Speaker 2:          Mainly the first one was Lynn Johns, when I found out what a producer did. I discovered that I used to listen a lot to the first Eagles album and Who’s Next. I saw that he had done both of them. One was electric, bombastic, a little careless maybe, just do it. Although it was led by Pete Townsend, who was quite meticulous. The other one, the Eagles was mainly acoustic and perfect. I mean, the two albums were at the opposite ends of the musical spectrum. I thought, “Well, this guy’s good, I want to do what he does.” And Jack Douglas who made Rocks by Aerosmith, one of the greatest American rock and roll albums. And of course Mutt Lang and Keith Olsen. Well, there was George Martin. It seemed to me that this was the greatest job in the world, sitting in a studio, listening to music that you like and trying to make it better. It was just fantastic.

Speaker 3:          So was there a brotherhood of producers that served as a therapeutic way to share trials and tribulations?

Speaker 2:          Yeah, like a support group? No. Not that I was aware of. We knew about each other, I think, maybe 10 or 15 producers that I was aware of. I appreciated all the different things that they did, and they did do different things and they approached recording in individual ways. But no, I didn’t spend very much time at all with other producers, and we weren’t in competition, but we weren’t in a support group.

Speaker 3:          Would that have helped?

Speaker 2:          Yeah. Well, yeah, with everything, but the studio. “I’m having trouble with my family, with my wife,” and I don’t know, “I’m taking too many drugs and whatever.” But they certainly wouldn’t have … Nobody would’ve benefited from I think hearing how others made records.

Speaker 3:          So was writing the book therapeutic for you?

Speaker 2:          Well, I needed really, honestly and frankly, to get all this stuff down before I forgot it. I’m approaching 80 and I’m having memory issues, mostly short-term. But most of what I remembered is in the book. There are moments that you remember. Then there are other things that people ask me about and I say, “Oh, I forgot about that.” But I loved writing the book. I didn’t write it like a pro. I only wrote for 15 or 20 minutes at a time, and sometimes I wouldn’t write for a month. I’d remember something or I’d hear a song that triggered a memory and I would go to my desk and write it down.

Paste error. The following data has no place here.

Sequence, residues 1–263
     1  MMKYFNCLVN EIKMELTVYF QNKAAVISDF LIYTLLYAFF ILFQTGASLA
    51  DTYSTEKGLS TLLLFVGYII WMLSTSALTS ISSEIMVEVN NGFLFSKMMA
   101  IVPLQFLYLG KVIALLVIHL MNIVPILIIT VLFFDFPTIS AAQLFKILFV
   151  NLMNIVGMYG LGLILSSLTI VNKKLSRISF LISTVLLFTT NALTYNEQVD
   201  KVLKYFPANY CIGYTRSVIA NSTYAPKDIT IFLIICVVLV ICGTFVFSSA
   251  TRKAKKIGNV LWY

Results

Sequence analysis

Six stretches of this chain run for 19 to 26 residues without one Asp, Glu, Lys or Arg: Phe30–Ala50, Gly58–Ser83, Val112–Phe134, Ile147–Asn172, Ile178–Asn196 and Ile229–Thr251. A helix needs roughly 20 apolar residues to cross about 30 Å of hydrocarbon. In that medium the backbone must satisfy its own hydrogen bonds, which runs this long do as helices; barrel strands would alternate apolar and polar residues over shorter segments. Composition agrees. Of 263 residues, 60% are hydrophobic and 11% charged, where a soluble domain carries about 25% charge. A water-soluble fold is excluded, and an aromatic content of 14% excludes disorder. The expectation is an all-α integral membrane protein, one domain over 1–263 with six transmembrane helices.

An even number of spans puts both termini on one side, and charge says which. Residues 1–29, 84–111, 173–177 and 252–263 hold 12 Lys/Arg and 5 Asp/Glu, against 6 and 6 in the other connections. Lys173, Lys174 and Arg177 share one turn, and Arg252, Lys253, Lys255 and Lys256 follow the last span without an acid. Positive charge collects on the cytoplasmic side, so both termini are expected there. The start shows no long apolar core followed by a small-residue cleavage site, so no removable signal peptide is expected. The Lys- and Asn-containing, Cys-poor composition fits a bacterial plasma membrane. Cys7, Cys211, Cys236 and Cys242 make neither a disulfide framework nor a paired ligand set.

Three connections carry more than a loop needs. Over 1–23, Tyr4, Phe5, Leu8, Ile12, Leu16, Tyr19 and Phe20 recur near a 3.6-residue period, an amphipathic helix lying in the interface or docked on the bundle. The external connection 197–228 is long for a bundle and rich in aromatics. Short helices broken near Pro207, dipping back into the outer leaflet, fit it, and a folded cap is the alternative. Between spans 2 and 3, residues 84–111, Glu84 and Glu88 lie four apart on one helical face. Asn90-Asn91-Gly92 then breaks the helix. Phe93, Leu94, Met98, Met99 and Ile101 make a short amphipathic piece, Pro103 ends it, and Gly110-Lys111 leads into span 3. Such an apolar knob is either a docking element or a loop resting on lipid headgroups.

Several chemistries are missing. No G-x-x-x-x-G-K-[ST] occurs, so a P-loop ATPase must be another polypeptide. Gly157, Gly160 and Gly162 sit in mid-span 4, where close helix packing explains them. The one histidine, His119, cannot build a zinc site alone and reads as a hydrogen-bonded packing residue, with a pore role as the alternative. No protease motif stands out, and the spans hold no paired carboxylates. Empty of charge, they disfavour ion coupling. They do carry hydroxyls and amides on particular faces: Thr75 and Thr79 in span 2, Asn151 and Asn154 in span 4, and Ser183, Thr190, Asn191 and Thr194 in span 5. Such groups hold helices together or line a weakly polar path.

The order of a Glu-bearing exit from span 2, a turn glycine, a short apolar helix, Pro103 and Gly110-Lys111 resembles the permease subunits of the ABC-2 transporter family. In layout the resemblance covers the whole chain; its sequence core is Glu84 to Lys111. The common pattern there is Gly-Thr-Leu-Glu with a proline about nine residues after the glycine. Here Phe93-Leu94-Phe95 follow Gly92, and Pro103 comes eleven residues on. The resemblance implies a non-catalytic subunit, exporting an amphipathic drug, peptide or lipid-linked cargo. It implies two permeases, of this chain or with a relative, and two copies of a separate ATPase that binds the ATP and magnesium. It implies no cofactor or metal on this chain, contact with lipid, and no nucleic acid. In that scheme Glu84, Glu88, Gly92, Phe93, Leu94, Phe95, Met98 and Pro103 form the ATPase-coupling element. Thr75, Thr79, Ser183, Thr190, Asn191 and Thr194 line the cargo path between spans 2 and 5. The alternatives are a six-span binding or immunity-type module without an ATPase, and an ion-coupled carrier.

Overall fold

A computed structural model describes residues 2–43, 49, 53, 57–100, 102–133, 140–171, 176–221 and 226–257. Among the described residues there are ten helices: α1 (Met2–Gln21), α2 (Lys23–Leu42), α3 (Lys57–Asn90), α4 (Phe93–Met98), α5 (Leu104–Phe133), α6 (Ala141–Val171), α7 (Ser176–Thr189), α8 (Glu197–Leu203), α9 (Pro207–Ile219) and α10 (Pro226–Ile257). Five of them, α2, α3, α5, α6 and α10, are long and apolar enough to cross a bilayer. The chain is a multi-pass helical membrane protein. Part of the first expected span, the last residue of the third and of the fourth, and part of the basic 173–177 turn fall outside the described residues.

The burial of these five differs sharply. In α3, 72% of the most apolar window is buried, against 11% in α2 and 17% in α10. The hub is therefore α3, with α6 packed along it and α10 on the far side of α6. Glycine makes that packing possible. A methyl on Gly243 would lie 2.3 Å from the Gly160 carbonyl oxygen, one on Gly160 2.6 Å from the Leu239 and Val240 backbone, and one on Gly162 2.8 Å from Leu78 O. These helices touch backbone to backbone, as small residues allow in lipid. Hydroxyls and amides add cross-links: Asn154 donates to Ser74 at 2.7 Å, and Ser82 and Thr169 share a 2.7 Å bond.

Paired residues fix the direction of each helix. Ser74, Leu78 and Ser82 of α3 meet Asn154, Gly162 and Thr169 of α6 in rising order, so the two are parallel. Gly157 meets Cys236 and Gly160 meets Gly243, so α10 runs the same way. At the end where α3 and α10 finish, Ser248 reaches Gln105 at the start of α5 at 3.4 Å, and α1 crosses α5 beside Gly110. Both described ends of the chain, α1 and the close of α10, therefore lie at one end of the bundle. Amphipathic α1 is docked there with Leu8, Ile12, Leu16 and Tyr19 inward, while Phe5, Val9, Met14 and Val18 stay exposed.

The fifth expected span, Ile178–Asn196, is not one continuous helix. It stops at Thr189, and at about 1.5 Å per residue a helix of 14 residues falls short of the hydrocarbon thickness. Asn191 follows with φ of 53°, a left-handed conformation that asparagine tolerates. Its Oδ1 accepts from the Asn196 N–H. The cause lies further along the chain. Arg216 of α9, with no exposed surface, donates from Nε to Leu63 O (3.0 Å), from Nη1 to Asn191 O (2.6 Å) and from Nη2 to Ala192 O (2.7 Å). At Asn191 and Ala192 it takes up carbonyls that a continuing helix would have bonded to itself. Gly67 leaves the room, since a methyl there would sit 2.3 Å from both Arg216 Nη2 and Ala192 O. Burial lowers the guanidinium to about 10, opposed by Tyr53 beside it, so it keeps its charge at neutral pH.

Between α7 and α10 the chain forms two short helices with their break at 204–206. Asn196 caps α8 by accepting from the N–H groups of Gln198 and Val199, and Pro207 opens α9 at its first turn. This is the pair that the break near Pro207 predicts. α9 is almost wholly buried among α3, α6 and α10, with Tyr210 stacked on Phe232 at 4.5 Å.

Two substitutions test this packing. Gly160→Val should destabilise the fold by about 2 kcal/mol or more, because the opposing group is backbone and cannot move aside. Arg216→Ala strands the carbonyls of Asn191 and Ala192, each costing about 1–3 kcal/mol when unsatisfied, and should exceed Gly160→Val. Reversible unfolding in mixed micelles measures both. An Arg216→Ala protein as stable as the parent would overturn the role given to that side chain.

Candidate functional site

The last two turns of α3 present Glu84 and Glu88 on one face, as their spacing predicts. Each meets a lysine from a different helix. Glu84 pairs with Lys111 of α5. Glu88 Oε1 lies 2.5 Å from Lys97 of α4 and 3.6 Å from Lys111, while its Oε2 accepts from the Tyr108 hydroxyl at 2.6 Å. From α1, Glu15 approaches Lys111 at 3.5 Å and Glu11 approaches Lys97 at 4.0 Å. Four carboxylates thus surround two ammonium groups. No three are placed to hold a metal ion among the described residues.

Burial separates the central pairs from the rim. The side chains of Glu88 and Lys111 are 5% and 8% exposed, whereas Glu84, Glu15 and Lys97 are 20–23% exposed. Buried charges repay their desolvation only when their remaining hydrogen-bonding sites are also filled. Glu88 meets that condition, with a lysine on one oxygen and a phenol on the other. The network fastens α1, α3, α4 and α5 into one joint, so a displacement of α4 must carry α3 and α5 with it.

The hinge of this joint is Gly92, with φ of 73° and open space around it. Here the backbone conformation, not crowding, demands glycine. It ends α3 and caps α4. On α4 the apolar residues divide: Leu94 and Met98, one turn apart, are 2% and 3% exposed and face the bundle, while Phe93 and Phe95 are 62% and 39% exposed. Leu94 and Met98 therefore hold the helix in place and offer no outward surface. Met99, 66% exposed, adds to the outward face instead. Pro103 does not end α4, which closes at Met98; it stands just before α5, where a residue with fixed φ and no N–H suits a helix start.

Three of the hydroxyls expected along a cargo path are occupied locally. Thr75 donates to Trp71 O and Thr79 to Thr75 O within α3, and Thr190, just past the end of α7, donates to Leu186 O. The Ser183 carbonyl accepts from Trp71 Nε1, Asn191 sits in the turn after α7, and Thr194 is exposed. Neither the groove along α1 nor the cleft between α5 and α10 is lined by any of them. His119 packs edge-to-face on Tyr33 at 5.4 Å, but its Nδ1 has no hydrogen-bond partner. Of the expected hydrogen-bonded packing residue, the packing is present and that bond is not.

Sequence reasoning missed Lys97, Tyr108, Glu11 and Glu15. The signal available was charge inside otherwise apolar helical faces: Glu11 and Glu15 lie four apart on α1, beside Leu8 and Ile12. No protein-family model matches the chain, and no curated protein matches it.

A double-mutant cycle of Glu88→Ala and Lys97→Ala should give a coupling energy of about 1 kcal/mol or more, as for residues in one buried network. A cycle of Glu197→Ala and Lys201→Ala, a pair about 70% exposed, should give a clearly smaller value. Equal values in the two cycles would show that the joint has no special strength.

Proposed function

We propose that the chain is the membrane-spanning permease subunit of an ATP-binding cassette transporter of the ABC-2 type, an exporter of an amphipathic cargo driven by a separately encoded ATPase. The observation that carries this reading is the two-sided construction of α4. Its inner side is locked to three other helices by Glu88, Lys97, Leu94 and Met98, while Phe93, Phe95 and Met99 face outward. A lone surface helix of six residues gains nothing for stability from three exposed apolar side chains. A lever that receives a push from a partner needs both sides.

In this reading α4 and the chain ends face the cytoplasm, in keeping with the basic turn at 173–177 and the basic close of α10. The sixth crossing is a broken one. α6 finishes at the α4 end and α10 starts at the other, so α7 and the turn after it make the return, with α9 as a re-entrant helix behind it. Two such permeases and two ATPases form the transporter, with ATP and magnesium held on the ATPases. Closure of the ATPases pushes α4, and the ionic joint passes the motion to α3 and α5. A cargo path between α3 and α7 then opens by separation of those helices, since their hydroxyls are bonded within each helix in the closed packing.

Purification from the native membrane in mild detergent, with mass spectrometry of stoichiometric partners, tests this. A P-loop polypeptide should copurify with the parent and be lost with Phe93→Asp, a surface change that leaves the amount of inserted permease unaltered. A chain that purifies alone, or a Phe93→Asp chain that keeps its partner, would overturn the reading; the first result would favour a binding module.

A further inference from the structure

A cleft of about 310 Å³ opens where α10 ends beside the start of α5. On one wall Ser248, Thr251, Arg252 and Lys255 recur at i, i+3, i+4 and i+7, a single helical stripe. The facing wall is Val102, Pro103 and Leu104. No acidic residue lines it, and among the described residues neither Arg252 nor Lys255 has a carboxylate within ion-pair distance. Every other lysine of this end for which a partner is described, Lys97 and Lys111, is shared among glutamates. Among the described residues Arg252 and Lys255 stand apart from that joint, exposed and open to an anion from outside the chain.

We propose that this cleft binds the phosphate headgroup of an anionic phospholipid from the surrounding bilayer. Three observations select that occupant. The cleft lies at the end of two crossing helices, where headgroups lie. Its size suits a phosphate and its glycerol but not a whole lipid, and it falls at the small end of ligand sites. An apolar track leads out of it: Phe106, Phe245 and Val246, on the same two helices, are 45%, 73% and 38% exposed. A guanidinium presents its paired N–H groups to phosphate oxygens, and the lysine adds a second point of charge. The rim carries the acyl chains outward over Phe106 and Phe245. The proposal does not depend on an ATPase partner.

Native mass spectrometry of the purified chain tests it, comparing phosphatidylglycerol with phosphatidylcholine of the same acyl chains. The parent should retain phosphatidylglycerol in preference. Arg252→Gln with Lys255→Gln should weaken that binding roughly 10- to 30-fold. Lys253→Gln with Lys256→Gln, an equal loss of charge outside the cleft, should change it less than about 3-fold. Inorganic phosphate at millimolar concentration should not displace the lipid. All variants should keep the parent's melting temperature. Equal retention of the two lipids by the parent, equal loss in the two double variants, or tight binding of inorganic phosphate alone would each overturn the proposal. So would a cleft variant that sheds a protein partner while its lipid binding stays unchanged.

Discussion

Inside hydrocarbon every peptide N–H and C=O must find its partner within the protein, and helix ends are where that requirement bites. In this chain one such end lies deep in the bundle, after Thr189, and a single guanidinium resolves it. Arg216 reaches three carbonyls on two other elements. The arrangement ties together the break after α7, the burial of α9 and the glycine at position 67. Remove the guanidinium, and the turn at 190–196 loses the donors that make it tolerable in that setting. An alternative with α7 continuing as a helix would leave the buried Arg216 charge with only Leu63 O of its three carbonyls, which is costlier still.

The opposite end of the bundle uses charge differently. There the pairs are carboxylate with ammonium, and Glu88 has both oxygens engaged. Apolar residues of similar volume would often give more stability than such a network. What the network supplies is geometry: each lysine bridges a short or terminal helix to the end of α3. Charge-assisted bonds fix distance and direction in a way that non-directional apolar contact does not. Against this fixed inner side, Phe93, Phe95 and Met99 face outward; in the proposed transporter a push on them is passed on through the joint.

When I had enough of those memories written down, I would slot them into the text chronologically and eventually it formed the shape of a book. The easiest part of the whole process was actually getting an agent and getting a publisher. I thought it was going to take months and months, and it only took a few days. So I love the book. People seem to love the book. They call it an easy read. Many honestly say that they couldn’t put it down. They’ll start it and then they’ll finish it the next day. That’s music to my ears.

Speaker 3:          Have you heard from any of the subject matter of the book?

Speaker 2:          Only Ted. Only Ted Nugent. I want to stress that I had a long professional relationship with Ted and there were no politics involved. He and I are far apart in our political perspectives, but I enjoyed working with him a lot, to the horror of my friends. We still talk, we still communicate, he still sends me his classic style material. He’s even a little farther out than he was back then. I’m sorry, what was the original question you asked?

Speaker 3:          Well, you heard from Ted, I said had you heard from any of this subject matter?

Speaker 2:          Yeah, I didn’t actually … I mean, I sent Ted a book. I did not send anyone else a book, or a couple of people who were not very famous. Shannon Rubicam and George Merrill, who are Boy Meets Girl, and who wrote songs for Whitney Houston. I did one very, a major departure for me, an album with them, was more middle of the road. So I sent them books and I sent Ted a book and that was it. Ted wrote back right away, “Loved it.”

Speaker 3:          Are you able to have healthy discourse with Ted still?

Speaker 2:          Yes, about music.

Speaker 3:          No. About politics?